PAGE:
“Today’s Ministerial Council is another missed opportunity,” Wishart said. “While we commend initiatives to improve the water quality running on to the reef, we do not want those efforts overshadowed by millions of tonnes of dredging and dumping and a shipping superhighway.”

“The Queensland Government is fast-tracking approvals for increased port, rail and mine developments which will threaten the reef. The federal government appears to be backing them,” Wishart said. “Australians should be very concerned about the health of the reef. Planned mega-ports and a shipping super-highway just over the horizon will not help.”

Fight for the Reef today launched their Brisbane TV ad campaign to raise the issue of rapid industrialization on the Great Barrier Reef to Brisbane residents who may be unaware of the extent of the threat.

“Minister Butler will make a decision by early August on whether he will approve three million cubic metres of dredging at Abbot Point, just 50 kilometers (30 miles) from the Whitsundays. The current proposal will see the seafloor torn up and the sediment dumped in the reef’s waters,” said Wishart. “These are critical issues. They have the capacity to affect local tourism to an internationally valued destination.”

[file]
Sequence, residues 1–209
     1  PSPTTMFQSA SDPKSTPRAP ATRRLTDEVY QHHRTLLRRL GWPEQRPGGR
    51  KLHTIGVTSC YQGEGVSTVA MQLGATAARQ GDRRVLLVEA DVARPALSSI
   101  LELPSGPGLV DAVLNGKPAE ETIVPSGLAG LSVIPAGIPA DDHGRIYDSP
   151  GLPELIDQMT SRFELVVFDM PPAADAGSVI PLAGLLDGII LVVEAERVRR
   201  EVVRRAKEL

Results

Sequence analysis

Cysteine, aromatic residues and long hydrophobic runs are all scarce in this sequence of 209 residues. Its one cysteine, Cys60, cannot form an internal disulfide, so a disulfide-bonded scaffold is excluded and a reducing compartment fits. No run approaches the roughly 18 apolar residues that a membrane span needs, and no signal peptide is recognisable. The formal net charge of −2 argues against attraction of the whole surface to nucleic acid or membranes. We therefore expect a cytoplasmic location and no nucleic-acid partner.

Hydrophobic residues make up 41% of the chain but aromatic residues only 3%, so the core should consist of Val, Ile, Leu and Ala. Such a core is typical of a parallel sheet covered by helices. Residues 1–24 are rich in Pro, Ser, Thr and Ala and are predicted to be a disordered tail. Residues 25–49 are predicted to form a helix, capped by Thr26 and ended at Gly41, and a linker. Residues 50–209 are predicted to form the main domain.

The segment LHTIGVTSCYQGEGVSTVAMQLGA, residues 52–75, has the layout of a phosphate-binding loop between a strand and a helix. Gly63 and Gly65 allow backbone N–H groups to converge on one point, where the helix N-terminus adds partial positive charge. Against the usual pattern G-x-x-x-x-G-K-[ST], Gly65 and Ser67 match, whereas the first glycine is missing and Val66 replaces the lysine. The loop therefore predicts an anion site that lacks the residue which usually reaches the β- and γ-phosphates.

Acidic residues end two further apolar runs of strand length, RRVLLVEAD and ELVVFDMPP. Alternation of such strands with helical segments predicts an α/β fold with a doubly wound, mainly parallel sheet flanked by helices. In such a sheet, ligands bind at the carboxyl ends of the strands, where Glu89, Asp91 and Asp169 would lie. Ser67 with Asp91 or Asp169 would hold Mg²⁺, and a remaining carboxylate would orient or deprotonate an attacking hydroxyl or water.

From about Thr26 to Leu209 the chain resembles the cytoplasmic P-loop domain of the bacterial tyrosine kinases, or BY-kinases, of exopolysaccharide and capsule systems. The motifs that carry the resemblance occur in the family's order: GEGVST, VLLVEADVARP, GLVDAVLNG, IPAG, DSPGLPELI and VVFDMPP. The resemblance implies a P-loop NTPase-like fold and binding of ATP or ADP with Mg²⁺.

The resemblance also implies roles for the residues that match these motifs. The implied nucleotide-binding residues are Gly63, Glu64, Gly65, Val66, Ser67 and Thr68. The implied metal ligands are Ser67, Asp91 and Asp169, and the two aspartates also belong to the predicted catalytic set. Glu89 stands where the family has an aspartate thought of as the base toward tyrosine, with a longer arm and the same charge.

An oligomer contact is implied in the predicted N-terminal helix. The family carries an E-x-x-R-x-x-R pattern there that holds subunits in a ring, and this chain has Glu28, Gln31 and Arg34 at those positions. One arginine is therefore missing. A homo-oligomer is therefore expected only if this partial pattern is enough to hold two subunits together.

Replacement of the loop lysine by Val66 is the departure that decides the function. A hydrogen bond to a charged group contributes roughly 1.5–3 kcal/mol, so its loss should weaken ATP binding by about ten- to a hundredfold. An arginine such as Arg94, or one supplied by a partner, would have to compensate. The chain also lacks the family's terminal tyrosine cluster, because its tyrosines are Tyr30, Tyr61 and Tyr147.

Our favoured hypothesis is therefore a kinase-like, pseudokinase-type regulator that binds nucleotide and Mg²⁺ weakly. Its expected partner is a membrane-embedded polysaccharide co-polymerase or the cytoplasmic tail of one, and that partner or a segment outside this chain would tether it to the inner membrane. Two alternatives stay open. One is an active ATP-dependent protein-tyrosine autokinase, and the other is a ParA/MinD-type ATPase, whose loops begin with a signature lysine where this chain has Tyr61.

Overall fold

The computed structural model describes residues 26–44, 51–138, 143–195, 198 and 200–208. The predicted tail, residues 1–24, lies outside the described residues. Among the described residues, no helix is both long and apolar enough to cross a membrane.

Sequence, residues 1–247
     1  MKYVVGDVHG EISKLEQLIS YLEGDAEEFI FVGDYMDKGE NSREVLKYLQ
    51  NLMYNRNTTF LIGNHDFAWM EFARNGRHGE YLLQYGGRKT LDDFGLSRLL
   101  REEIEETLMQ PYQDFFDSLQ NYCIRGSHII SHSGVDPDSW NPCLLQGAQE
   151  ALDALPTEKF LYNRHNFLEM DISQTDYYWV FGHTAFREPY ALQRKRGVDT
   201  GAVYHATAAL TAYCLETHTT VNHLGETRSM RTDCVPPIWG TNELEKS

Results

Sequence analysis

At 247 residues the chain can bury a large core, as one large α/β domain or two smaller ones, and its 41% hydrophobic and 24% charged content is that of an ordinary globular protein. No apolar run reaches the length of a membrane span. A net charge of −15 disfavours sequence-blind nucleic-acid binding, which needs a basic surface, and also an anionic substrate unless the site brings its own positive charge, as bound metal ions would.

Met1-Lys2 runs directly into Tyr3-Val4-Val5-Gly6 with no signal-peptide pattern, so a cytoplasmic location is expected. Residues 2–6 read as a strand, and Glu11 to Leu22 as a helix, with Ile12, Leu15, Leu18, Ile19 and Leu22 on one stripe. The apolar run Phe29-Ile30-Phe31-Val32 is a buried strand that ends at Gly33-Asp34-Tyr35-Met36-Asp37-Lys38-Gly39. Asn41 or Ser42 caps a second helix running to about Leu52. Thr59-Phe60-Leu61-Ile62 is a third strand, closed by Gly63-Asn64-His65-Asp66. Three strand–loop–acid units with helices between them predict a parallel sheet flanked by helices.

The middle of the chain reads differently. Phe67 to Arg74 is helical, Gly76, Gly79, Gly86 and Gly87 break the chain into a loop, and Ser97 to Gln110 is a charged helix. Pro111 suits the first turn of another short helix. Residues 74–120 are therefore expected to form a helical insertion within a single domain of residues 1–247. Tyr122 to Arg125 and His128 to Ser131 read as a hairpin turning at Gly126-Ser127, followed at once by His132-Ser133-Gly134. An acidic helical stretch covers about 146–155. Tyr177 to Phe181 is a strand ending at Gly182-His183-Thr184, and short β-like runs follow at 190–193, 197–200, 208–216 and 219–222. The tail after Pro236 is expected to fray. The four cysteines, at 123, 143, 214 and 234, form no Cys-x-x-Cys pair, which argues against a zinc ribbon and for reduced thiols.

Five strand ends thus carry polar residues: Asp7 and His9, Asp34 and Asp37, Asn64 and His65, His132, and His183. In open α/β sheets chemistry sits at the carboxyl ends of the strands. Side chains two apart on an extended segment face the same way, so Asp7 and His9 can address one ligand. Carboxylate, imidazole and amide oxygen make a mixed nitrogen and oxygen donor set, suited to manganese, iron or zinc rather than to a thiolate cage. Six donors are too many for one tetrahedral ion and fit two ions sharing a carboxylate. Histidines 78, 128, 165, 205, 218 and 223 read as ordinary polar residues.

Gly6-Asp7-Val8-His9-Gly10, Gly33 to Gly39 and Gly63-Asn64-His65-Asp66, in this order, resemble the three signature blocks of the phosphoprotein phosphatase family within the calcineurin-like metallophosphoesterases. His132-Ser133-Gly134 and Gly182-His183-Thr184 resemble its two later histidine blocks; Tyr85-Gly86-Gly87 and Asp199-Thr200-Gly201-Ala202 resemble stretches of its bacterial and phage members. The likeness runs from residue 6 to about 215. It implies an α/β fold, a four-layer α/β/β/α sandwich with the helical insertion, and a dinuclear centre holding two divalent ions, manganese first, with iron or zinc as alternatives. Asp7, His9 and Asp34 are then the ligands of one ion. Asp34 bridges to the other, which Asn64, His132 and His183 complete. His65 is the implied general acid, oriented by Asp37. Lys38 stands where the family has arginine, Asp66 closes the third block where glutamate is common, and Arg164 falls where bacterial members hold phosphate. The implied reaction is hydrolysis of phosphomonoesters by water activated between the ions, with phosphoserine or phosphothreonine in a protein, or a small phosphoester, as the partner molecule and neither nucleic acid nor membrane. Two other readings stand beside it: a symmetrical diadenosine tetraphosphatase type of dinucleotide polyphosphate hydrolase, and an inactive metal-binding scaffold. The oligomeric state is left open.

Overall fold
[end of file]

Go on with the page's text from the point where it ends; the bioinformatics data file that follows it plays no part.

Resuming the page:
Federal Minister for the Environment Mark Butler said the Reef Water Quality Protection Plan has been in place for the past 10 years and has delivered positive results and improved reef health.

“As demonstrated by the 2011 Great Barrier Reef Report Card also released today, solid progress has been made towards key targets including land management practice, with 34 percent of sugarcane growers, 17 percent of graziers and 25 percent of horticulture producers adopting improved management practices,” Butler said.

“As a result, we have seen nitrogen levels reduce by seven percent, pesticides by 15 percent and sediment by six percent while dissolved nitrogen, the key pollutant of concern due to its influence on crown-of-thorns starfish outbreaks, also reduced by 13 percent.”